Does setting limits save lives? The case of 0.08 BAC laws
Nineteen states have established laws that make it illegal per se to drive with a blood alcohol concentration (BAC) of 0.08. The controversy over extending this stricter definition throughout the nation has focused largely on whether the state laws have been effective at saving lives. Prior evidence on this question has been mixed as well as criticized on several methodological grounds. This study presents novel, panel-based evaluations of 0.08 BAC laws, which address the potential methodological limitations of previous studies. The results of this study indicate that 0.08 BAC laws have been effective in reducing the number of traffic fatalities, particularly among younger adults. These estimates suggest that the nationwide adoption of 0.08 BAC laws would generate substantial gains, reducing the annual count of traffic fatalities by at least 1200. © 2001 by the Association of Public Policy Analysis and Management.
To our knowledge, this item is not available for
download. To find whether it is available, there are three
1. Check below under "Related research" whether another version of this item is available online.
2. Check on the provider's web page whether it is in fact available.
3. Perform a search for a similarly titled item that would be available.
Volume (Year): 20 (2001)
Issue (Month): 1 ()
|Contact details of provider:|| Web page: http://www3.interscience.wiley.com/journal/34787/home|
Please report citation or reference errors to , or , if you are the registered author of the cited work, log in to your RePEc Author Service profile, click on "citations" and make appropriate adjustments.:
- Ruhm, Christopher J., 1996.
"Alcohol policies and highway vehicle fatalities,"
Journal of Health Economics,
Elsevier, vol. 15(4), pages 435-454, August.
- Christopher J. Ruhm, 1995. "Alcohol Policies and Highway Vehicle Fatalities," NBER Working Papers 5195, National Bureau of Economic Research, Inc.
- Chaloupka, Frank J & Saffer, Henry & Grossman, Michael, 1993. "Alcohol-Control Policies and Motor-Vehicle Fatalities," The Journal of Legal Studies, University of Chicago Press, vol. 22(1), pages 161-186, January.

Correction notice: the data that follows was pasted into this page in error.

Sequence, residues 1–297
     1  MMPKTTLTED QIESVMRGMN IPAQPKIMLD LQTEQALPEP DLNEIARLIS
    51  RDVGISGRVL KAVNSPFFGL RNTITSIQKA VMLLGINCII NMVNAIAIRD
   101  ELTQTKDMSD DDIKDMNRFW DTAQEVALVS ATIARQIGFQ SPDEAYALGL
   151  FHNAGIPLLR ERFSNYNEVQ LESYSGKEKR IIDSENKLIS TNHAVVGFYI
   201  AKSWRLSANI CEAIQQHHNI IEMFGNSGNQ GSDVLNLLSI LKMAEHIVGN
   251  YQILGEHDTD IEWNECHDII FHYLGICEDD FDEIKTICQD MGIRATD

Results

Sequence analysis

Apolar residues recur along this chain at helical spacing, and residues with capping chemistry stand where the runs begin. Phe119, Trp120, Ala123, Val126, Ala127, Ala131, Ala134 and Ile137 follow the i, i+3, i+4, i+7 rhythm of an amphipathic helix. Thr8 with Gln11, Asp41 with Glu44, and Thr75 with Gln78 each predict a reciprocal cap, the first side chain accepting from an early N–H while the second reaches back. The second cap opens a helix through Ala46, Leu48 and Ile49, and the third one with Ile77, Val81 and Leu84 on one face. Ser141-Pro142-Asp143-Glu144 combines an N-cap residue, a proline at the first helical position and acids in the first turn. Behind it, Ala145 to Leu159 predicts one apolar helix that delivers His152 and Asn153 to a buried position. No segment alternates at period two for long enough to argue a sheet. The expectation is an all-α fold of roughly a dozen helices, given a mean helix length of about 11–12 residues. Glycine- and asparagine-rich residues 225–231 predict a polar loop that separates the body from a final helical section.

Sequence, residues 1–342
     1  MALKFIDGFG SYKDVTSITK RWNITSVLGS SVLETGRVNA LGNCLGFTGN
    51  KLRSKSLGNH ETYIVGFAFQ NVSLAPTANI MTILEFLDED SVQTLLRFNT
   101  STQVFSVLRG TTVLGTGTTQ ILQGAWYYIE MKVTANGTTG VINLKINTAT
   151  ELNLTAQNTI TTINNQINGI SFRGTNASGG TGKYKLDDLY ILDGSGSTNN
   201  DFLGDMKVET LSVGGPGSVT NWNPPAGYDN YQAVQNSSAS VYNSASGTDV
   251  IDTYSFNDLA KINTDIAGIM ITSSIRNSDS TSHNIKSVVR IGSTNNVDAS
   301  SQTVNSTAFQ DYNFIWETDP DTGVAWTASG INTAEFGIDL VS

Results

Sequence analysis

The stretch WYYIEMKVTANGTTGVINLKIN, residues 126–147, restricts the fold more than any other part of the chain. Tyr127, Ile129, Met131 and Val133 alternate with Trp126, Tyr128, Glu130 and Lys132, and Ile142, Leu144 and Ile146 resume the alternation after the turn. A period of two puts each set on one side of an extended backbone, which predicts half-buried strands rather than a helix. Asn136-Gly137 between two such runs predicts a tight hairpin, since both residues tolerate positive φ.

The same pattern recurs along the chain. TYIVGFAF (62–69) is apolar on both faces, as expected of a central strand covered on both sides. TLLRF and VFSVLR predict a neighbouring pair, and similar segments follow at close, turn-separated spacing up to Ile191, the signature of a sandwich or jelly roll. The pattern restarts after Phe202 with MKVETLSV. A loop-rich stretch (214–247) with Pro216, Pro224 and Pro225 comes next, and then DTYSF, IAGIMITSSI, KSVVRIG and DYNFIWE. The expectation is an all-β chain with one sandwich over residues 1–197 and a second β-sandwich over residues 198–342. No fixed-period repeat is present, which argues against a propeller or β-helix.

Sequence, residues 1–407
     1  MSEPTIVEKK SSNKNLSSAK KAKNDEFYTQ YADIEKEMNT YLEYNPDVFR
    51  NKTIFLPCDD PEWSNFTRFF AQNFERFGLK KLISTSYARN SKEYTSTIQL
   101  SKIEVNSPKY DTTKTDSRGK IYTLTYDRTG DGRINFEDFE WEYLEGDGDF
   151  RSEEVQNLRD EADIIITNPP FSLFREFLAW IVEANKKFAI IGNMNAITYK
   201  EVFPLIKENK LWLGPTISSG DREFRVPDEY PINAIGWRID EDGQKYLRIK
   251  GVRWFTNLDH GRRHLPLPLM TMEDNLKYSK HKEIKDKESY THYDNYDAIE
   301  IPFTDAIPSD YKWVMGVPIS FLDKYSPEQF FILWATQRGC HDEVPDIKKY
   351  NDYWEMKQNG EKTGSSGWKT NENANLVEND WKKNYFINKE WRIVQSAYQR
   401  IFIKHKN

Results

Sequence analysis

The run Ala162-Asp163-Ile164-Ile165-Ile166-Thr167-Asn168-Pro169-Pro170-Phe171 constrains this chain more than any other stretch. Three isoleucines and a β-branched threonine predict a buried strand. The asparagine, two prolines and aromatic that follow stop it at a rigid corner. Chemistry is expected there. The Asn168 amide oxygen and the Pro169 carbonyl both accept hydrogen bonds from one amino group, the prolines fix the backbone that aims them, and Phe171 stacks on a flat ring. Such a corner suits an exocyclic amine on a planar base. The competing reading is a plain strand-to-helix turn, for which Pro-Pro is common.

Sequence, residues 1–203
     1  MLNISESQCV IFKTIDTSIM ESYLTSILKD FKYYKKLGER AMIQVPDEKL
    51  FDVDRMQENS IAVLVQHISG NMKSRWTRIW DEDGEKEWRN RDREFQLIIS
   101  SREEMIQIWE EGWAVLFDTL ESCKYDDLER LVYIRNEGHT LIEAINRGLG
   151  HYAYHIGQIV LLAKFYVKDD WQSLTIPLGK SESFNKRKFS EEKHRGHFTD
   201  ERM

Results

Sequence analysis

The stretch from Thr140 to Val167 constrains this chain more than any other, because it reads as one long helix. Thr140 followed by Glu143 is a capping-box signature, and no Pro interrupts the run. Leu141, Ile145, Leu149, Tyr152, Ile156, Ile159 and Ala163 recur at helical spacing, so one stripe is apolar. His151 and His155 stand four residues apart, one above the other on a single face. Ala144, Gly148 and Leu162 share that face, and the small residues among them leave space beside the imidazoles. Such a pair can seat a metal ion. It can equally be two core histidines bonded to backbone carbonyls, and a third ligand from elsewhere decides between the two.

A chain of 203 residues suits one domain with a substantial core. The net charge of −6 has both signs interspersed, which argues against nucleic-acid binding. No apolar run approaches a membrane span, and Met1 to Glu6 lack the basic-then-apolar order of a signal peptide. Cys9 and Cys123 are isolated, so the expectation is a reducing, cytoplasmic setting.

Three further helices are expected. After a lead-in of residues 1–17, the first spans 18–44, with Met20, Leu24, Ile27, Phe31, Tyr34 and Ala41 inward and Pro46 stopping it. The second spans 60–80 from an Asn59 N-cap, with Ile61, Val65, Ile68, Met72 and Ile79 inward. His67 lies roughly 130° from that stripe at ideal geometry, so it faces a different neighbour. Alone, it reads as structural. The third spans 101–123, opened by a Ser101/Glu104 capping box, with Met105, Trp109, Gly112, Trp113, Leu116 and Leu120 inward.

- Frank J. Chaloupka & Henry Saffer & Michael Grossman, 1991. "Alcohol Control Policies and Motor Vehicle Fatalities," NBER Working Papers 3831, National Bureau of Economic Research, Inc.
- Lave, Charles & Elias, Patrick, 1994. "Did the 65 mph Speed Limit Save Lives?," University of California Transportation Center, Working Papers qt0z88b38t, University of California Transportation Center.
- Brent D. Mast & Bruce L. Benson & David W. Rasmussen, 1999. "Beer Taxation and Alcohol-Related Traffic Fatalities," Southern Economic Journal, Southern Economic Association, vol. 66(2), pages 214-249, October. Full references (including those not matched with items on IDEAS)
When requesting a correction, please mention this item's handle: RePEc:wly:jpamgt:v:20:y:2001:i:1:p:111-128. See general information about how to correct material in RePEc.
For technical questions regarding this item, or to correct its authors, title, abstract, bibliographic or download information, contact: (Wiley-Blackwell Digital Licensing)or (Christopher F. Baum)
If you have authored this item and are not yet registered with RePEc, we encourage you to do it here. This allows to link your profile to this item. It also allows you to accept potential citations to this item that we are uncertain about.
If references are entirely missing, you can add them using this form.
If the full references list an item that is present in RePEc, but the system did not link to it, you can help with this form.
If you know of missing items citing this one, you can help us creating those links by adding the relevant references in the same way as above, for each refering item. If you are a registered author of this item, you may also want to check the "citations" tab in your profile, as there may be some citations waiting for confirmation.
Please note that corrections may take a couple of weeks to filter through the various RePEc services.